December's block celebrates the early days of exploration in Canada. The word canoe comes from the aboriginal word 'kenu', which means dugout.
When settlers and traders came from Europe, they learned to value the canoe as an ideal mode of transportation along the many rivers and lakes that dot the Canadian landscape. The fur traders or voyageurs found the canoe’s elegance and speed especially useful for transporting furs easily along long routes.
Birchbark was the preferred material for constructing canoes, being both lightweight and, after a coating in resin, impervious to water.
Samuel de Champlain is considered the first European to use the birchbark canoes in his travels in Ontario in 1615. In 2015, Ontarians celebrated the 400th anniversary of Champlain’s travels in Ontario. His travels now echo popular vacation spots for Ontarians such as the southern shores of Georgian Bay, Lake Huron, Lake Nipissing and the Ottawa River.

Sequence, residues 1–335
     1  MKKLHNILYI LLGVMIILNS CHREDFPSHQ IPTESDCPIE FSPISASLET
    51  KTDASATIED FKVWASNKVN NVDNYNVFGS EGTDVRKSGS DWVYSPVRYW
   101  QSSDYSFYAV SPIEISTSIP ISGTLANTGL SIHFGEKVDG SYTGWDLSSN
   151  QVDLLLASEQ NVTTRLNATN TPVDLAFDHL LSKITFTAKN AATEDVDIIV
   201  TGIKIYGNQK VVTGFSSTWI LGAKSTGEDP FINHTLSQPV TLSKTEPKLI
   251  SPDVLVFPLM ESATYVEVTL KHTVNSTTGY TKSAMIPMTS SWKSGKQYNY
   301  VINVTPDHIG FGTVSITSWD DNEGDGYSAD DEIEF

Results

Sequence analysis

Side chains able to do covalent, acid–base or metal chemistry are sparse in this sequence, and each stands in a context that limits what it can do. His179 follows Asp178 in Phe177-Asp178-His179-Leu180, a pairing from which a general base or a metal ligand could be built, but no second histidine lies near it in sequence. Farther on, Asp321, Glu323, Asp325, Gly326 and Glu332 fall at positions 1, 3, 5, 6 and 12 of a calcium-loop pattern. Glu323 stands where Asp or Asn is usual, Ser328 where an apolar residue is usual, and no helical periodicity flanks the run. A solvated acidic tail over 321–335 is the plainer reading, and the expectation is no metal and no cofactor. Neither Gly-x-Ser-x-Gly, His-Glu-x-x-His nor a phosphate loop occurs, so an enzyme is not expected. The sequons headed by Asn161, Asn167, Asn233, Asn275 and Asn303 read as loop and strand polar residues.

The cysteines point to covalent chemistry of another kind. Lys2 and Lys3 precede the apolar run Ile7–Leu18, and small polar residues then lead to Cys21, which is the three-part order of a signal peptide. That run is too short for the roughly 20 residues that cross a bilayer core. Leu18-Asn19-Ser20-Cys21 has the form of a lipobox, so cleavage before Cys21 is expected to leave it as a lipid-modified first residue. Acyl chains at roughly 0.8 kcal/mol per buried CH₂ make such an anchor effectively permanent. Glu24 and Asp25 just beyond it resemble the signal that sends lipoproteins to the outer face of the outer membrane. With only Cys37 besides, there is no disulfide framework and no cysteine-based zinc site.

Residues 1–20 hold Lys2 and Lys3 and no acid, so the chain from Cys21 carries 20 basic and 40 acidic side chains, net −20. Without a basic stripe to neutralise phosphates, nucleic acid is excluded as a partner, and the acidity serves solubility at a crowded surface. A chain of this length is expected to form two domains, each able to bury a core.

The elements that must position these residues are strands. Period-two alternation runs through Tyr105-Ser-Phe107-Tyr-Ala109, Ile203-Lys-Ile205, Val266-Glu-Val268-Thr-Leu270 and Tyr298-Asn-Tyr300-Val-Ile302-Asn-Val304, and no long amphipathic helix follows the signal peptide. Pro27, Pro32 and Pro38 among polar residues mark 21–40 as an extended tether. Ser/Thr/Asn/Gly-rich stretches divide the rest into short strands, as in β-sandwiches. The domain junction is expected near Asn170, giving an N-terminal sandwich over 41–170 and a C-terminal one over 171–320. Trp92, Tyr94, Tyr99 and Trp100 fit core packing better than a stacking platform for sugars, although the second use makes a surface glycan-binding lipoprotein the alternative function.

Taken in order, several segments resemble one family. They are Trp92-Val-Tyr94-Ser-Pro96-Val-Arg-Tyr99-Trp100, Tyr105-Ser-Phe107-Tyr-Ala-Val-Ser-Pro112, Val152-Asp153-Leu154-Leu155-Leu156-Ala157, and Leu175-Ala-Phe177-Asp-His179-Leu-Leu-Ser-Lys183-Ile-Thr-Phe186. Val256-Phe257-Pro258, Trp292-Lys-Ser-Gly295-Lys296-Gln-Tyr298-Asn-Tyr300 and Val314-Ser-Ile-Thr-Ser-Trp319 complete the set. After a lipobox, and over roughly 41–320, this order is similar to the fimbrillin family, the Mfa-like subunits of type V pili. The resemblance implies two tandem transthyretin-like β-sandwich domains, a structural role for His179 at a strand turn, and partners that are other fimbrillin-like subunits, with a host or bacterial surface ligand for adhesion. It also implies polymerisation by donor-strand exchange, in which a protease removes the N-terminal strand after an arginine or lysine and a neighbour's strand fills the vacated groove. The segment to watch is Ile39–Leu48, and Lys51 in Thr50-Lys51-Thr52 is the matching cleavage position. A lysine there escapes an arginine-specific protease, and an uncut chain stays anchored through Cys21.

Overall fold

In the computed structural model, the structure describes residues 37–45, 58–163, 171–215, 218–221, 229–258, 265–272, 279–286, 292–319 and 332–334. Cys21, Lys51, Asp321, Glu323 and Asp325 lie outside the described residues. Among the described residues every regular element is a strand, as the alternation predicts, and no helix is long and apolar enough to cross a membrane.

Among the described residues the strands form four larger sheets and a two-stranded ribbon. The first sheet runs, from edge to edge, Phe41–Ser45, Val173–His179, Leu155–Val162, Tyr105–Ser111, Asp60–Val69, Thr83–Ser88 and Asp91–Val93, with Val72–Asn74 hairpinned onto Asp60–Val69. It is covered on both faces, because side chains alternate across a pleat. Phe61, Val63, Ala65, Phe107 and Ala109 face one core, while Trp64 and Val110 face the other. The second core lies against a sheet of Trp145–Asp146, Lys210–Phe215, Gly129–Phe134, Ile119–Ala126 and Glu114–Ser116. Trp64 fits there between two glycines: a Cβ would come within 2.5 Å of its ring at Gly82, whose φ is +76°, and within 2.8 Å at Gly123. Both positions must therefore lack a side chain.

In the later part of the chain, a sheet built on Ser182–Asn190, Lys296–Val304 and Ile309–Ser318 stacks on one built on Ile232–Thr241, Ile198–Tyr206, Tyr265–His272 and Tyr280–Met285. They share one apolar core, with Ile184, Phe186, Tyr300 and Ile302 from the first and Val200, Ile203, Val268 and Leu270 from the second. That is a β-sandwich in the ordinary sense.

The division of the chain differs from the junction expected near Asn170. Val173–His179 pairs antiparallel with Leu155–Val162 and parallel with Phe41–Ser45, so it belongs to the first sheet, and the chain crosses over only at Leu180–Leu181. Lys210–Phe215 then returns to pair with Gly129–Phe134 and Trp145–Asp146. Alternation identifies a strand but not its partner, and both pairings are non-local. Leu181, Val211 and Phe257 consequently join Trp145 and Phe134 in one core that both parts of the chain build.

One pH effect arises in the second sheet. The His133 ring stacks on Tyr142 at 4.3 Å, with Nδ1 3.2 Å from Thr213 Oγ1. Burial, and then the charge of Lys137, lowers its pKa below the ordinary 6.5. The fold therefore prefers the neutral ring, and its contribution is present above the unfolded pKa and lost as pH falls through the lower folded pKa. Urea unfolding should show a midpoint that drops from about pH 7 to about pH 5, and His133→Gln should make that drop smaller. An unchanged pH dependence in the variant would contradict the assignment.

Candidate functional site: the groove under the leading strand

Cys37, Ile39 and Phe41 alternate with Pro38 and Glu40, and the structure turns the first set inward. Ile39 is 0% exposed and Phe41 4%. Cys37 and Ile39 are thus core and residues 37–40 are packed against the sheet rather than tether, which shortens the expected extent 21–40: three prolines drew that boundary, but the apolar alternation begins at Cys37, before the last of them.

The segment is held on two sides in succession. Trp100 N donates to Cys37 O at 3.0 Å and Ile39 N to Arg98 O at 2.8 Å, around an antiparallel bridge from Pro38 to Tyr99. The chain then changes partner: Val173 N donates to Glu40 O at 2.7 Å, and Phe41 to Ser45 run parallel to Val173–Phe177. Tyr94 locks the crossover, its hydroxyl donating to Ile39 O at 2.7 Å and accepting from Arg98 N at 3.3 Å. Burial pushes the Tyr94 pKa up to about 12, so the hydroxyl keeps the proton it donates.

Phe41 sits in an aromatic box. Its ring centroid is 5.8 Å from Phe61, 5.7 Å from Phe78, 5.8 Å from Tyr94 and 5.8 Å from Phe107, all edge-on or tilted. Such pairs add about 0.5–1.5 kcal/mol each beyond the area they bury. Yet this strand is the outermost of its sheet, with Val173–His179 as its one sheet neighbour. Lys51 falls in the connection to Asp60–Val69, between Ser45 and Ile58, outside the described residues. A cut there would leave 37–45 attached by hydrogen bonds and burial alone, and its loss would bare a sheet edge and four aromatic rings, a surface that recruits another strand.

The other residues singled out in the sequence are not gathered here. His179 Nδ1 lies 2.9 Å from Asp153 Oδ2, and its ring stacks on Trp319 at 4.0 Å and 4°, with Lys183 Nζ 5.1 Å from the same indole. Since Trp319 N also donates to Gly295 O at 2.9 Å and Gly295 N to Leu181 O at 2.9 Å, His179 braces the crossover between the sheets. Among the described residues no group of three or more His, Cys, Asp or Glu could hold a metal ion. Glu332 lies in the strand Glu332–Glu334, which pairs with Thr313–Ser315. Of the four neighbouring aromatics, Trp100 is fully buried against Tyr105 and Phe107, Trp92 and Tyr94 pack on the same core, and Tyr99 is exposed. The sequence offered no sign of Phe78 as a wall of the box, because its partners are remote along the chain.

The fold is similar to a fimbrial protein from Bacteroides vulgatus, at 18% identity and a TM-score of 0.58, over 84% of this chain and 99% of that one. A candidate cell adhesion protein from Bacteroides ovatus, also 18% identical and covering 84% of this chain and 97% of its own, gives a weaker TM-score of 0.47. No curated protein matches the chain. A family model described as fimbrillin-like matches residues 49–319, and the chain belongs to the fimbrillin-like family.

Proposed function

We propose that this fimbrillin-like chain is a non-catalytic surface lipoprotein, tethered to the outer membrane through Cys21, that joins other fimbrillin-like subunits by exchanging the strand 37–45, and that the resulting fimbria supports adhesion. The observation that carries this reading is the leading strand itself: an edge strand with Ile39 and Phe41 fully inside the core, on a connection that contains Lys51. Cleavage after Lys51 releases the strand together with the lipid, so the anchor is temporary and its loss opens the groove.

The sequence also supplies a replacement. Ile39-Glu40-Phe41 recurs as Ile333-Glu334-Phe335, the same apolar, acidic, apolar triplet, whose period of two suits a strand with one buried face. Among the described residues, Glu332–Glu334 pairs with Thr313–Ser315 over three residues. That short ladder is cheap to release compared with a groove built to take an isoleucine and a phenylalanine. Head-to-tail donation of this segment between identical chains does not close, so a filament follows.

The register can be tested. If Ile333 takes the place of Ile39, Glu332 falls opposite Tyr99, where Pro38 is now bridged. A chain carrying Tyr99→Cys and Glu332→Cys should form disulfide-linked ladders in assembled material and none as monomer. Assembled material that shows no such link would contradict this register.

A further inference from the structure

How to Make The Block
The pattern designer, Yolanda Fundora, has given us permission to use her pattern which includes both templates for pieces, and a foundation-piecing pattern. Foundation-piecing is recommended but both techniques will work.
You can see more of Yolanda’s work and patterns at: http://www.urbanamishfabrics.com/
If you’re inspired by this block, Yolanda created another version of it called “Geese over Crossed Canoes” that has flying geese in the pattern. The pattern is published in “Vol. 11 of Quiltmakers 100 blocks.”